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Sustainable use of patta-land by RFR beneficiaries

The Recognition of Forest Rights Act (RFR), 2006 aims at empowering forest dwellers and other communities by transferring land utilization rights to the common people, living around protected forest lands. The RFR Act, 2006 was introduced by the Govt. of India to bring about newer livelihood and income-generating opportunities to the forest dependent communities, and also to make people naturally responsible for protection of the forest areas around them.

The IGDC Project has the mandate to work for the enhancement of livelihood conditions of the people vested with land rights under the RFR Act, 2006. Also, this is one of the uniqueness of the project. The project has a total project-area of 3,43,100 ha, spread over Dhalai & North Tripura Districts. In this, about 65% area comes under forest coverage. The project has about 244541 beneficiaries (ST: 94%), with a coverage of about 48608 households. The project aims at socio-economically empowering this populace, taking advantage of the provisions of the RFR Act, 2006.

The targeted populace of the project, so far, by and large, had been dependent upon their traditional way of cultivation- Jhum. Jhum has been a detrimental practice, since it not only causes considerable deforestation, but also causes soil erosion. Moreover, it is hardly able to provide them with any sort of sustainable livelihood/income-generating opportunities.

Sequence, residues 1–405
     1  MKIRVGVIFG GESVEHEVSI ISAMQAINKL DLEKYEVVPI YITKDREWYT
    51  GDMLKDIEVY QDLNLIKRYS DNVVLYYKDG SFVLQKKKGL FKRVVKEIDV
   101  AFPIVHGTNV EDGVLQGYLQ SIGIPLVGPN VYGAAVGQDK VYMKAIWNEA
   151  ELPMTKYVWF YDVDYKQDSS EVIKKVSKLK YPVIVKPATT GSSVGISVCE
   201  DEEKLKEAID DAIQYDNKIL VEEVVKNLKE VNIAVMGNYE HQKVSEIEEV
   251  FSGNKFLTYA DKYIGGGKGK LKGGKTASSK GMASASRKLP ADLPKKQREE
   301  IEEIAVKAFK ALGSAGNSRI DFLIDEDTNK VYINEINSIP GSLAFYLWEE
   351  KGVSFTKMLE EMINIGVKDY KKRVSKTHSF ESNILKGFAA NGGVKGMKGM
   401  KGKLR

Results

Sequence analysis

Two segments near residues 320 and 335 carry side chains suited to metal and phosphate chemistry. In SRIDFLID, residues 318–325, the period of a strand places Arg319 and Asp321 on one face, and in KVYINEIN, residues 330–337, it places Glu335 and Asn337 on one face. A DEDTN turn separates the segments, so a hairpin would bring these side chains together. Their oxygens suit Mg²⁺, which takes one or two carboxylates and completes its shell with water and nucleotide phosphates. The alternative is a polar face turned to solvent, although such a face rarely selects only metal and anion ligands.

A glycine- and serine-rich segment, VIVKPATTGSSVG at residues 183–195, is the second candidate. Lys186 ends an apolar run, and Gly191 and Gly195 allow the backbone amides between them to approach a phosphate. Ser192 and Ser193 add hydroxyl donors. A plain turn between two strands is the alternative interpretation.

To shift the focus of such communities from the traditional way of jhumming, multiple land-based activities are being promoted by the IGDC Project. Once the land rights are transferred to the beneficiaries, and, subsequently, the demarcation of the individual areas is done by the concerned departments, the beneficiaries are given plantation materials for undertaking plantation activities on their individual lands (such land are commonly called as Patta lands). The project is encouraging the beneficiaries to undertake Bamboo, and Horti-forestry plantations on the patta lands. The project has an aim of extending plantation benefits to beneficiaries over 11000 ha of patta land. While Bamboo is found to have a considerable demand across the country, and relatively quicker yielding time, Horti-forestry will bring economic benefits to the beneficiaries in a longer term.

Another land-based intervention, aimed at providing sustainability to the RFR beneficiaries, is the construction of check dams over patta lands, and promotion of Fishery activities therein. The project is undertaking construction at least 5 check dams/village. An equal no. of check dams are expected to be built by other related departments (through fund-convergence mechanism). While, on one hand, check dams shall act as an year-long source of clean water to these perennially water-starved areas (falling under the project), these shall also be used for undertaking fishery. Fishery, as an IGA (Income Generating Activity), is found to be reasonably profitable, with considerable present and future market.

The state of Tripura has already taken considerable strides in the implementation of the RFR Act, 2006. Taking this as an opportunity, The IGDC Project, Tripura aims at setting examples on the aspects of sustainable use of patta lands vested under the RFR Act, 2006.

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